Philly420: Pennsylvania's plan for corporate cannabis

Philadelphia Soda Tax
City Councilman Derek Green (left), shakes hands with Mayor Kenney. Philadelphia, Pittsburgh and other cities are getting a jump on medical-marijuana zoning -- so the state doesn't do it for them.

Chris Goldstein is a marijuana activist living in New Jersey

Pennsylvania's uniquely structured medical cannabis law could be the point of entry for an onslaught of corporate cash into the marijuana marketplace, something that Philadelphia's City Council will also have to navigate in the competition for licensed facilities.

On Nov. 30, the council's Committee on Rules passed an amended bill from Councilman Derek Green to create appropriate zoning for medical marijuana businesses. But that's just the tip of the iceberg for the industry.

The Pennsylvania Department of Health is finalizing the full regulations for the program now and will open the application process for licenses next year. That's why Philadelphia, Pittsburgh and other municipalities are getting a jump on zoning. Otherwise, the state could do it for them.

There are 25 medical cannabis cultivation/processing permits from PADOH available for all of Pennsylvania. Five of those growers will have the option to serve patients as well. There will be 50 dispensing permits, each allowing up to three physical locations.

One important tidbit that came out during Philadelphia's rules committee hearing this week: The city Planning Commission was told by PADOH to expect as few as four dispensary permits and perhaps zero cultivation operations in the city. That will mean competition to open the first medical cannabis store in the nation's fifth-largest city will be particularly fierce.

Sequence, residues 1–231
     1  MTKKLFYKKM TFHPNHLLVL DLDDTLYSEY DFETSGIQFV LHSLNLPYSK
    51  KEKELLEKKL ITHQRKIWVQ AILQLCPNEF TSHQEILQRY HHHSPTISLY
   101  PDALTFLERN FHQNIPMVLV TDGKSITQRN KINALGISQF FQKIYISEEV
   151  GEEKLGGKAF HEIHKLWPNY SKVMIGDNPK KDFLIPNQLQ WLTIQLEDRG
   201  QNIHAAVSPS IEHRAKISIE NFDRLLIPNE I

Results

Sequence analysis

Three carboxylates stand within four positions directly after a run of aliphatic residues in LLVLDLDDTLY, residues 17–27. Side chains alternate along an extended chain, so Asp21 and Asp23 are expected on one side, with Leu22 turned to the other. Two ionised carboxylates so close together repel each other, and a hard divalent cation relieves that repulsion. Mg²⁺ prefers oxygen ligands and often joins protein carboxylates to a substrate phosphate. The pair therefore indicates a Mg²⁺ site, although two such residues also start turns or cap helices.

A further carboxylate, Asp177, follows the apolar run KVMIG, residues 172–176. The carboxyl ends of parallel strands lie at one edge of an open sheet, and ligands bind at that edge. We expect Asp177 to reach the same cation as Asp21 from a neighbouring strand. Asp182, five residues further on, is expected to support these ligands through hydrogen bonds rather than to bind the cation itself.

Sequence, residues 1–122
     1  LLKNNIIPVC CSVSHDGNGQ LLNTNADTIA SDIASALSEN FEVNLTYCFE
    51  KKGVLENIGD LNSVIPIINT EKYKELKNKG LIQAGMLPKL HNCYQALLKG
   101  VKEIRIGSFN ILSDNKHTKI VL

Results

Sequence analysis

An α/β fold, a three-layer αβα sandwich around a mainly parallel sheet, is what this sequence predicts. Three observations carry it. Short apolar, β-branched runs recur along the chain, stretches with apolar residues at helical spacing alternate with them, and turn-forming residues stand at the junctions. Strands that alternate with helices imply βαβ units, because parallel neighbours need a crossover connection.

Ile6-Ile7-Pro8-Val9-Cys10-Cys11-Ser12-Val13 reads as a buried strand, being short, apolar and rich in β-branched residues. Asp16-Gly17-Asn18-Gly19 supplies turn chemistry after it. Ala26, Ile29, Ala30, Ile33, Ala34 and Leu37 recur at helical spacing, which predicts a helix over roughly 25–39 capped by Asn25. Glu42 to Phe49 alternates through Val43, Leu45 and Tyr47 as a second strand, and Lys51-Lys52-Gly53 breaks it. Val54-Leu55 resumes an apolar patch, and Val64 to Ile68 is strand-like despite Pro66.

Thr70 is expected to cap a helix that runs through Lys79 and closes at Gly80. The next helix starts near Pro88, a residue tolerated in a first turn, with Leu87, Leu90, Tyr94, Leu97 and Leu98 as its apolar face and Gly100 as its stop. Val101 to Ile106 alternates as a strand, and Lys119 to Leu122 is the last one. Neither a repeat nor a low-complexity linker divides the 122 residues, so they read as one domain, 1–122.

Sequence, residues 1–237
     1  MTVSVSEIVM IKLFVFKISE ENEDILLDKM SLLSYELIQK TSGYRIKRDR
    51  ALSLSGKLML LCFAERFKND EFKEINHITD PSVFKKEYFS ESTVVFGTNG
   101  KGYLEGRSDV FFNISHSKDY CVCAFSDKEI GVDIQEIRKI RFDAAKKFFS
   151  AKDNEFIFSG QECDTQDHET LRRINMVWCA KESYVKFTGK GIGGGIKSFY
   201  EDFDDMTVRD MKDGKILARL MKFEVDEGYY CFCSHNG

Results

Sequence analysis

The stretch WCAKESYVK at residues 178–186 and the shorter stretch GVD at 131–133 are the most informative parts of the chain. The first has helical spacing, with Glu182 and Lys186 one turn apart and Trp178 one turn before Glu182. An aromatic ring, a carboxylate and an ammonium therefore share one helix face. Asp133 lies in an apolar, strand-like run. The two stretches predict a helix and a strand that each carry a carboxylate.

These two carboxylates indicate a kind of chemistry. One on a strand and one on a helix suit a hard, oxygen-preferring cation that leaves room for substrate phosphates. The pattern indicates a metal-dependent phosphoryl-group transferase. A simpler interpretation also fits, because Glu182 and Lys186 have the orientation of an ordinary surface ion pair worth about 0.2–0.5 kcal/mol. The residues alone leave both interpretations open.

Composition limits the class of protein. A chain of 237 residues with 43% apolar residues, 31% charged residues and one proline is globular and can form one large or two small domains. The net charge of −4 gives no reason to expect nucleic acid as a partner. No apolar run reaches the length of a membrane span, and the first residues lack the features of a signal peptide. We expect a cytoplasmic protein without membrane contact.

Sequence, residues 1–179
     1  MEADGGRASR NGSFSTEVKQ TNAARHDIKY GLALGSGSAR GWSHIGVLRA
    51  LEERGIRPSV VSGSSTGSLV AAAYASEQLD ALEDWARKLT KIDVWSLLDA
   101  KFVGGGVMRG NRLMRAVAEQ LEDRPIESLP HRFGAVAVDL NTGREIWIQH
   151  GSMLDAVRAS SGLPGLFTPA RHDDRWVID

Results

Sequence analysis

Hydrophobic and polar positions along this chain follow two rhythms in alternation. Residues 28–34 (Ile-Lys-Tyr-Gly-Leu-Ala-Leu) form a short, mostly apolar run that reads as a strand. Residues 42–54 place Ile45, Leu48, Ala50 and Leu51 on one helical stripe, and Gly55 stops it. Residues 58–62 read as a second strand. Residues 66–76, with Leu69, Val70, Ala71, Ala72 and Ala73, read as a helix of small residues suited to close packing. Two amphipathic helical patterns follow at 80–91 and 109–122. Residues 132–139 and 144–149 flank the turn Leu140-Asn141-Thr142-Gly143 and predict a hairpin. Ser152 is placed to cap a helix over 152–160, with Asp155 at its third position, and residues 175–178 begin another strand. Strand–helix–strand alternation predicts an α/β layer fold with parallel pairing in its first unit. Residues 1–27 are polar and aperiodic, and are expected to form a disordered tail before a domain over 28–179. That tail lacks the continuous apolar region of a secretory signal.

The compassionate use law, known as Act 16, is the first in the country that will allow publicly-traded companies to operate facilities for medical cannabis cultivation, processing, lab testing, and dispensing.

Large business interests in the region are now running hot with a fever for a special kind of gold, one that grows under LED lights in warehouses.

Mainstream corporate investment into regulated cannabis has only flowed at a trickle, whereas spunky venture capitalists have been edging into the space for years. Big-name firms have kept the plant itself at arms-length.

Last year this column broke the story about a packet circulated to a select group by Merrill Lynch, the investment arm of Bank of America. The report stayed far away from implying any interaction with plants, instead meticulously cataloging the “life sciences” equipment manufacturers showing an uptick in sales. These already healthy companies stand to grow steadily because they sell the high-end machinery essential to producing cannabis products at an industrial scale. Merrill Lynch was bullish on the whole sector.

The real bottleneck slowing the same kind of corporate capital from flowing directly into marijuana cultivation operations or dispensaries was the perceived risk of federal prosecution.

That risk extends to financial exposure and running afoul of tax law. Such matters are less of a concern for the working class, but having the federal government potentially seize millions in assets has thus far been quite a deterrent to the super-rich or establishment investors with diversified interests.

In a coincidental but crucial alignment, the Ninth Circuit Court of Appeals quelled those fears considerably in United States v. McIntosh. The ruling, issued in August, held that a small provision tucked into Congress's massive annual Appropriations Bill — known as the Farr-Rohrbacher amendment — prevents the Department of Justice from prosecuting medical cannabis operators who are complying with state laws.

Thus, a large portion of the cannabis investment risk was vaporized in the surprise opinion. Pennsylvania, conveniently, offered up the first legal structure for the bigger bet.